The Gordion Regional Survey (GRS), conducted between 1999 and 2002, studied the relationship between long-term settlement patterns and land use from the Late Bronze Age through the Achaemenid period. The goals of GRS included defining the range of settlement types, their geographical characteristics, the change in settlement type and distribution over time, and the reciprocal relationships between environmental and cultural change.
An arbitrary 20 km x 20 km block, centered on the site of Gordion, constituted the survey area. Topographically, this was defined by the top of a range of hills at the east, by a modern military base at the south, and by an arbitrary distance at the west. The topography varies from 650 m—at the site of Gordion on the Sakarya River—to an elevation of 1400 m at the top of Dua Dağ, and includes two major rivers, the Porsuk and the Sakarya.
Due to the relatively rapid transformation of the landscape surrounding Gordion during the Holocene period, the long term erosion of the land surfaces in the survey region made it impractical to conduct a 100% intensive survey. After a pilot season in 1996, a stratified sampling strategy was chosen, which focused on geologically stable surfaces where material remains would be preserved from the mid-late Holocene.
A total of 9 transects were surveyed. The first four were part of the pilot season, when a variety of sampling strategies were tested (block, transect, dogleash, etc.). For example, Transect 4 is a 1 km x 1 km block below a cluster of streams east of Gordion. These pilot tests confirmed that linear transects, opportunistically sampling agricultural fields not under grain cultivation, were the most effective strategy. Subsequent transects sampled all of the minor tributary valleys and the main spring sources around Gordion, on surfaces with less than 5–8% slope and no evidence of substantial deposition or erosion. Within each transect, collection units varied in size based on sherd density and field sizes (from 100 – 200 m x 40 – 50 m). Crews of 5 to 15 walked 5 m apart, collecting all artifacts visible on the surface.
A major component of this archaeological sampling strategy was a geomorphological survey. Two sets of coring regimes sampled upland stream alluviation. Three types of samples were collected: dating, sediment description, and phytolith analysis. Locations were chosen to inform the landscape history adjacent to each transect surveyed. More intensive sampling, both archaeological and geomorphological, occurred in the upper drainages east of Gordion.
Ceramics and lithics dominated the artifacts collected. All diagnostic ceramics were drawn and photographed. All non-diagnostic ceramics were matched to a Gordion fabric reference collection that was analyzed by INAA (Instrumental Neutron Activation Analysis). The goal of these analyses was to create known localized geochemical fingerprints for otherwise non-diagnostic material. Both geomorphic and artifactual data were linked into a GIS database, created from a range of imagery and maps (geological maps, topographic maps, SPOT images, aerial photographs, etc.). Phytoliths were not present in the sediment samples.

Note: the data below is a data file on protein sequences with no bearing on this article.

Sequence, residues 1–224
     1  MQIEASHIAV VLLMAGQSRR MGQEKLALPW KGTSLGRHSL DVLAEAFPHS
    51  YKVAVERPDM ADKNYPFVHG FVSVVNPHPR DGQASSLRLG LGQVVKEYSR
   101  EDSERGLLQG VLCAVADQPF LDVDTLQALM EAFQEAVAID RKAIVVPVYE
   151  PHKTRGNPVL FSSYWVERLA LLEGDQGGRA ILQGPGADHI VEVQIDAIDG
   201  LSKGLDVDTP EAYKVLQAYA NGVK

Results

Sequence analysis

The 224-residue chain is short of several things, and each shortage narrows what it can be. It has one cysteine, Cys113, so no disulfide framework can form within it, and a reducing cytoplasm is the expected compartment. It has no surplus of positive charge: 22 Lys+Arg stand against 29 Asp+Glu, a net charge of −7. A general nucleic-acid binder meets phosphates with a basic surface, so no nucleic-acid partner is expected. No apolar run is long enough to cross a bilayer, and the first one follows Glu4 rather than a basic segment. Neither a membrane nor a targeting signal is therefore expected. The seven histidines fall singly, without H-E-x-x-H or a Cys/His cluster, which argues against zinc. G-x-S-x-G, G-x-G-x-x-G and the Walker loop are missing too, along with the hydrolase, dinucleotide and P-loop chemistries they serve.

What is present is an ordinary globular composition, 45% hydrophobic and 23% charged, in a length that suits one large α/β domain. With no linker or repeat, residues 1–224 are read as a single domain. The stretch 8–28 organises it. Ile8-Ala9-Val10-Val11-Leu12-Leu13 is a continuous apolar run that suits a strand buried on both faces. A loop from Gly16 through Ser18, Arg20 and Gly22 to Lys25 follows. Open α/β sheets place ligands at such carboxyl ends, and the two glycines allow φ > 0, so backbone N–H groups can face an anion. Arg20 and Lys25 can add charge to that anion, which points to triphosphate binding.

The earliest settlements (two) identified in the survey area date to the Chalcolithic period. Based on ceramics, Early Bronze Age sites are much more abundant, with rapid expansion subsequently during the Middle Bronze Age. Sediments begin infilling the middle regions of the Gordion catchment by ca. 2300 BCE, suggesting that agricultural strategies (including pastoralism?) or deforestation were already impacting the upper slopes. Settlement dropped off substantially during the Late Bronze Age—sherd density declines ca. 50%—as rural areas were depopulated. The subsequent Early Iron Age is barely visible in the landscape—whether this is due to further depopulation or lack of archaeological visibility is unclear. The Phrygian ceramic distribution suggests a relatively rapid expansion of Phrygian occupation, reaching a maximum during the Middle Phrygian period—as at Gordion itself—and declining relatively quickly during the Achaemenid period. Expansion begins again during the Hellenistic period, with the greatest extent of land use and settlement during the Roman period. Given earlier patterns of erosion, the stability of occupation from the Hellenistic through the Roman period, and the density of Roman sites in the region, it seems likely that agricultural strategies had changed substantially by the Roman period. Some type of soil conservation, fallowing, and herd management strategies may have been developed to limit soil loss. While land degradation accelerates after the Roman period, the evidence for population and settlement declines. Several factors might account for this: increasing pastoralism across the region or shifts in the climatic regime (increasing seasonality and changes in rainfall that maximize erosion).